93 East Bay Street ~ Asking $2,395,000

Fabulous, restored, renovated and impeccably maintained, The James Cook House c. 1782-7 is one of the most desirable Charleston addresses along Rainbow Row, the longest cluster of intact Georgian row houses in the United States. The home is listed in This is Charleston, published by the Carolina Art Association, as Buildings Considered Notable. 

The charming ivy covered walled garden was designed by Loutrell Briggs, Charleston’s Premier Landscape Architect, associated with many of Charleston’s most famous private gardens;  the shelving along the brick wall are remnants of the old kitchen house, now adorned with potted plants.  At end of the garden is a reflective mirror enhancing the rear of the home, brick courtyard and walled gardens.

Today the home consists of dine-in gourmet kitchen, keeping room and powder room on first level with three sets of French doors opening onto a brick courtyard and walled garden. The second level consists of living room and dining room with two fireplaces and French door access to balcony with iron handrails overlooking rear garden.

The third level consists entirely of master suite with luxury bathroom, walk-in dressing room/closet and laundry alcove. The top level consists of two guest bedrooms with private bathrooms. Spectacular views of the city roof tops and gardens increase with interest at each level including Charleston Harbor and Fort Sumter views from the fourth level front bedroom.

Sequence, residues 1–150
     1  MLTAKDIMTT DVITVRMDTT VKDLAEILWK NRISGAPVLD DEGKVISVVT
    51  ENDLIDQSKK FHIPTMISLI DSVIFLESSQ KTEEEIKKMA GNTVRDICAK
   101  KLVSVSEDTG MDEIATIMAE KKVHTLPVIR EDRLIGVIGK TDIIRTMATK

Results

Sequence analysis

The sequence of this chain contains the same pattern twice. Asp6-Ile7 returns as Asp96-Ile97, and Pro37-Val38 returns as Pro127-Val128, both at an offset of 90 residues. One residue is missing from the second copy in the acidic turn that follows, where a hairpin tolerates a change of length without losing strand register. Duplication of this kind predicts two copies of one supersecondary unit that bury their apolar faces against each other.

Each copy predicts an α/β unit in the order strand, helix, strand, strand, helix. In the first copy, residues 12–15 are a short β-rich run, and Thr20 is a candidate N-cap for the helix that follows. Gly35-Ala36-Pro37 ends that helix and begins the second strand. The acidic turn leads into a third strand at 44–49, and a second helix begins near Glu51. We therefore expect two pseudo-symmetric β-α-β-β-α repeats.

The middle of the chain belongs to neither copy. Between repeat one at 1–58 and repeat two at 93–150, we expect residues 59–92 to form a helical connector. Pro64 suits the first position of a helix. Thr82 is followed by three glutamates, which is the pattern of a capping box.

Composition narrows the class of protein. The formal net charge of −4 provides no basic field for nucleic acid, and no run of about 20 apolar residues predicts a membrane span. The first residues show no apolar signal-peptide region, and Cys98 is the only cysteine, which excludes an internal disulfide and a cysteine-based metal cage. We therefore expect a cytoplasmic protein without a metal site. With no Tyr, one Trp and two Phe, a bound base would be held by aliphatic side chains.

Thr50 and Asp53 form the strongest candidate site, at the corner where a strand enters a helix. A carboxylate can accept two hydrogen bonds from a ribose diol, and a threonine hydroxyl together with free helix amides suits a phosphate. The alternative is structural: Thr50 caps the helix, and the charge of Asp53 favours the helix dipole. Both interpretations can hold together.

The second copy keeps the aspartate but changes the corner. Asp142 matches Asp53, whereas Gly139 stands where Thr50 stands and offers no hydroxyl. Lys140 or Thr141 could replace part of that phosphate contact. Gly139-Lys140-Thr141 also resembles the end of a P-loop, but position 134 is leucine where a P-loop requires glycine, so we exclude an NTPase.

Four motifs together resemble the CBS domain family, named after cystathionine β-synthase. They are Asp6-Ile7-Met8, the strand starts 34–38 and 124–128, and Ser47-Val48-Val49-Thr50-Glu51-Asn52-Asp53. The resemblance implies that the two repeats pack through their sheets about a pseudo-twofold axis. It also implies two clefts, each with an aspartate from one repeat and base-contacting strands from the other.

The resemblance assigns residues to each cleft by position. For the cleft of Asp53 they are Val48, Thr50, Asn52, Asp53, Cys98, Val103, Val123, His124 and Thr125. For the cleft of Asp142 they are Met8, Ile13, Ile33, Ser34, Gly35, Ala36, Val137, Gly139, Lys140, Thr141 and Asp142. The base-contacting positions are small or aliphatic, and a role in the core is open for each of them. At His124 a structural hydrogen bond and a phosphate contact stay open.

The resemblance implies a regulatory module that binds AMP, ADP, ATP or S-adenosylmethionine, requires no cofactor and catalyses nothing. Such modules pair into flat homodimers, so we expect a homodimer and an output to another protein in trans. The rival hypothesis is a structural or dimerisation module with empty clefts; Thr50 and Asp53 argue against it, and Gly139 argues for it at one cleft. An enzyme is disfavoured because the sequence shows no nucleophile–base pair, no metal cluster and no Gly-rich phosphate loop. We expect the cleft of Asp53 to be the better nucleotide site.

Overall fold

At the end of the Civil War the property was in a damaged and depressed state. Not until 1938, to prevent demolition, did serious remodeling  begin,  largely due to the efforts of Susan Pringle Frost, founder of the Charleston Preservation Society, who came up with the idea of painting the houses in different colors, reflecting a Carribean influence, hence the term Rainbow Row. 

Prior to the remodeling, the rear façade and garden areas of Rainbow Row were used as the design for the set of the original 1937 performance of George Gershwin’s Porgy and Bess – 93 E Bay Street was Porgy’s house. Archeological investigations of the cellar of the house have uncovered the original foundation along with a collection of pieces of clay smoking pipes, china and glass shards and bullets.  Original 18th Century hand hewn rafters, brickwork and heart pine flooring have been uncovered and preserved.